Skip to content
exposición: damián ortega - essay on exchange

In 2023, the Zurich Art Prize, awarded annually by Museum Haus Konstruktiv and Zurich Insurance Company Ltd, goes to Damián Ortega (b. 1967 in Mexico City, where he lives and works). This artist is the 16th winner of the renowned award.

At Museum Haus Konstruktiv, Ortega is presenting two installations under the exhibition title Essay on Exchange. They differ radically from one another in terms of materiality and conception, but do have subtle thematic commonalities. The focus of the show is on the large installation on the first floor. Here, ten carefully prepared display cases are arranged in the space in such a way that (from a bird’s-eye view) they resemble numbers on a clock. They are supplemented by two multipart sculptures, one placed on the floor and the other hanging from the ceiling. Both the sculptural works and the objects positioned in the display cases (there are thousands of them) are made by hand from clay, most of which comes from the Mexican state of Oaxaca: a region with a long tradition of pottery production. Ortega began working with this naturally occurring material several years ago. For his Zurich Art Prize exhibition, he has tried to approach it in a completely open-minded way, by engaging in a ‘graphic’ process with no predetermined outcome: Starting with the simple operation of shaping a small lump of clay into a handheld ball, the concept for the formal design and technical processing of the material gradually emerged from his experiences when handling it. “The pieces appeared throughout a period of experimentation and intuitive play,” explains Ortega, “in which the ceramic began to form its own concepts and links as it was modeled and fired in different facets – from raw material to high-temperature firing.” In the exhibition space, this conceptual and material process of maturation is visualized, in that the objects are presented primarily in the order of their creation – clockwise.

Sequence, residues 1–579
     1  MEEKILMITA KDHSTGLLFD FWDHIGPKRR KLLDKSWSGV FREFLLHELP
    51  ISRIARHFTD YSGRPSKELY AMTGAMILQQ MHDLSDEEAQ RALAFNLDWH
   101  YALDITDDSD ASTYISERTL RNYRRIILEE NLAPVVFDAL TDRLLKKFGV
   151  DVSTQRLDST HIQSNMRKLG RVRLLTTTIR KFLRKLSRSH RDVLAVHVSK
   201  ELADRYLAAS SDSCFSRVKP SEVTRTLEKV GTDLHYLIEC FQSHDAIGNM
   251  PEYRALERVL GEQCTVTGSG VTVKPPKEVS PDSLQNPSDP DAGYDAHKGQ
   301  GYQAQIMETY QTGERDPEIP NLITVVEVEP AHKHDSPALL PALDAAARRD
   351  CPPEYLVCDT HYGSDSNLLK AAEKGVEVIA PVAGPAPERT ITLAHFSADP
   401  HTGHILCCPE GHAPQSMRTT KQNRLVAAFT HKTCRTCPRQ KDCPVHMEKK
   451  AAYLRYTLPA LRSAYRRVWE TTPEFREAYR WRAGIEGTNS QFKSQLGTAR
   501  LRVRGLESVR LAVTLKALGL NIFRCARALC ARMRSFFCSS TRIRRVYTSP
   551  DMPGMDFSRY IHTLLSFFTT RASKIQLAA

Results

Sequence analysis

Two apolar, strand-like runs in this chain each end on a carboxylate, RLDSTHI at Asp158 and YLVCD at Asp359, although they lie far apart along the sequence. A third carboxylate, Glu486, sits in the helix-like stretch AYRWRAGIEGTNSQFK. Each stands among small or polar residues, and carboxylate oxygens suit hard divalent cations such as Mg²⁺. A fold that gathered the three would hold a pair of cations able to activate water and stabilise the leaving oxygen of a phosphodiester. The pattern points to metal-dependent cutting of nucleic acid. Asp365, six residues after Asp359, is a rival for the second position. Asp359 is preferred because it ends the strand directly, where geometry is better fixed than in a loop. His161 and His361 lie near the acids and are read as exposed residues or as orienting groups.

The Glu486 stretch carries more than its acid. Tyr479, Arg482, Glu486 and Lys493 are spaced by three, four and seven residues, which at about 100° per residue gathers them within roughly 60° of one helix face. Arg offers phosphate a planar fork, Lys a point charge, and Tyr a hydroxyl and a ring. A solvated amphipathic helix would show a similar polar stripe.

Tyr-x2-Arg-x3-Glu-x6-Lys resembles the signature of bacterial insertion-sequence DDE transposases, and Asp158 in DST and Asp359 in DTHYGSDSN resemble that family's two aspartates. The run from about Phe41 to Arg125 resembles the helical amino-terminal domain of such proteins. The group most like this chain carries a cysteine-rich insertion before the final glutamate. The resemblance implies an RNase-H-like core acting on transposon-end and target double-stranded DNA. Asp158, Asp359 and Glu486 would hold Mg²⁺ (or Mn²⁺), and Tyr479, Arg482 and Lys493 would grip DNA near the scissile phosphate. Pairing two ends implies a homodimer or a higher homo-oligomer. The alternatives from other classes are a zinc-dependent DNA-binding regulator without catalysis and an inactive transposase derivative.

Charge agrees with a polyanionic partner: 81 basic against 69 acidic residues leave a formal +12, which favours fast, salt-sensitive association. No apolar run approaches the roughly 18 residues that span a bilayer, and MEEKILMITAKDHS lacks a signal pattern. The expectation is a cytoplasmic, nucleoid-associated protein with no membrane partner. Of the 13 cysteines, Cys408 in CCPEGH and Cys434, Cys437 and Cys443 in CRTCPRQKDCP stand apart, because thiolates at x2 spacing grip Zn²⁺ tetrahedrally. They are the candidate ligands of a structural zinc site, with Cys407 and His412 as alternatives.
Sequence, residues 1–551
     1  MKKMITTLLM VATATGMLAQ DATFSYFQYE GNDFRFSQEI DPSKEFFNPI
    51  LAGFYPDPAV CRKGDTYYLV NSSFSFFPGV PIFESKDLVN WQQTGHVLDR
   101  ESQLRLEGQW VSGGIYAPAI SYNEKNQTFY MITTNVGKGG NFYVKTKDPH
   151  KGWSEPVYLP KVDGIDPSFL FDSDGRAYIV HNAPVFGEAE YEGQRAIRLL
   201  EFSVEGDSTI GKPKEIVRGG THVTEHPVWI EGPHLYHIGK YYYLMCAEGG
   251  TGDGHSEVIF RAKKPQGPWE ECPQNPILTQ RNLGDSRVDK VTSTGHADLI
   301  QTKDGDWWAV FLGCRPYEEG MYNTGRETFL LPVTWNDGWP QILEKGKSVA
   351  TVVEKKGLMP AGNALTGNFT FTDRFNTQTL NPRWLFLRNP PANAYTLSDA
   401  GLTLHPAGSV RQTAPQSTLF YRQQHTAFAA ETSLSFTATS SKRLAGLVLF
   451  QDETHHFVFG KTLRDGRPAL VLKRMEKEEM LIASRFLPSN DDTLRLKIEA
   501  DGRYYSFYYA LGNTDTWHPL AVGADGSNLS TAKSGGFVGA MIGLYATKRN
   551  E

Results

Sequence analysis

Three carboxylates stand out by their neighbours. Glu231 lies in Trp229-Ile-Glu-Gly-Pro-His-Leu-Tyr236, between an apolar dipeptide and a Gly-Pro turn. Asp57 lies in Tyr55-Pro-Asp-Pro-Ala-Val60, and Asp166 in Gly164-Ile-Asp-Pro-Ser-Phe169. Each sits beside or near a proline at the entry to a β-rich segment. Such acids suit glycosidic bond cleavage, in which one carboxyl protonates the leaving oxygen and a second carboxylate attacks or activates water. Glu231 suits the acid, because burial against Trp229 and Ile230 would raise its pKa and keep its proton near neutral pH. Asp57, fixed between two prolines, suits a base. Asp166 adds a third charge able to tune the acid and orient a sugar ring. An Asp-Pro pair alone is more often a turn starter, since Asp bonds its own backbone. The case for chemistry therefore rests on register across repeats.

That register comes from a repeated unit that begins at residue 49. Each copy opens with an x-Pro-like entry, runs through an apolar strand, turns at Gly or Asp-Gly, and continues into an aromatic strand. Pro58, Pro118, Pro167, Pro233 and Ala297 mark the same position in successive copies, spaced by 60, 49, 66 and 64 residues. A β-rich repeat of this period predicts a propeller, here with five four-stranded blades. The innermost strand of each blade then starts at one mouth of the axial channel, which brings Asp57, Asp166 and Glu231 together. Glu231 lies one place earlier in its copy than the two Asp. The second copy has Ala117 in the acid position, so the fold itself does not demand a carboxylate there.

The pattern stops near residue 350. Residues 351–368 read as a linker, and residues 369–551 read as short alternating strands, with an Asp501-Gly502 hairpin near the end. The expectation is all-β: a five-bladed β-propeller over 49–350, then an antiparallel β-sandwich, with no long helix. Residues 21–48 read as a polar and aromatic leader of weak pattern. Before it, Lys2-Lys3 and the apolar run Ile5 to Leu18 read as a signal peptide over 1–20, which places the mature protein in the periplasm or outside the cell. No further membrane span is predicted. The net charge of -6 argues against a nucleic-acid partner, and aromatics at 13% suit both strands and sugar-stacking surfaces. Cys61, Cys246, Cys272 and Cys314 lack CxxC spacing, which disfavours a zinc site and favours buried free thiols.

Essay on Exchange adeptly plays with notions related to the imparting of historical knowledge. The setting, as we know it from cultural history museums in Europe (the presentation behind glass, the categorization into groups of objects, the codification by means of titles and subtitles) conveys a certain degree of authoritativeness and gives the objects the status of historical artifacts. This status turns out to be extremely precarious though, insofar as the objects were created only recently and from one material, so they are always artworks and material studies as well. Instead of a linear narrative and verified information, the observer is thus confronted with a markedly speculative and associative history of bartering or exchange, which makes it possible to experience abstract processes of value creation in everyday life and in art, and gives rise to an interesting temporal overlap between cultural history and contemporary art.

Meanwhile, an equally speculative interweaving of the present and the near future plays out in the piece Acrylic Ocean (2023) on the second floor of the museum, where palpable clay gives way to ephemeral video images. Two textile screens each have a 25-minute sequence projected onto them, in which plastic bags, drink bottles, rubber tires and other discarded everyday objects move about in water like jellyfish, rays, sea snakes or other marine life. In front of filmed underwater scenes, the shots of the jettisoned inorganic materials blur the distinction between what is natural and what is artificial. Accompanied musically by dulcet tones, an oppressive and simultaneously enticing image emerges: It shows the potential process of nature and industry interconnecting under the sea’s surface in new ways, previously unknown to us. In other words, the residues of the exchange dynamics emerge as a new form of life, and now come to light as an epilogue to Ortega’s Essay on Exchange.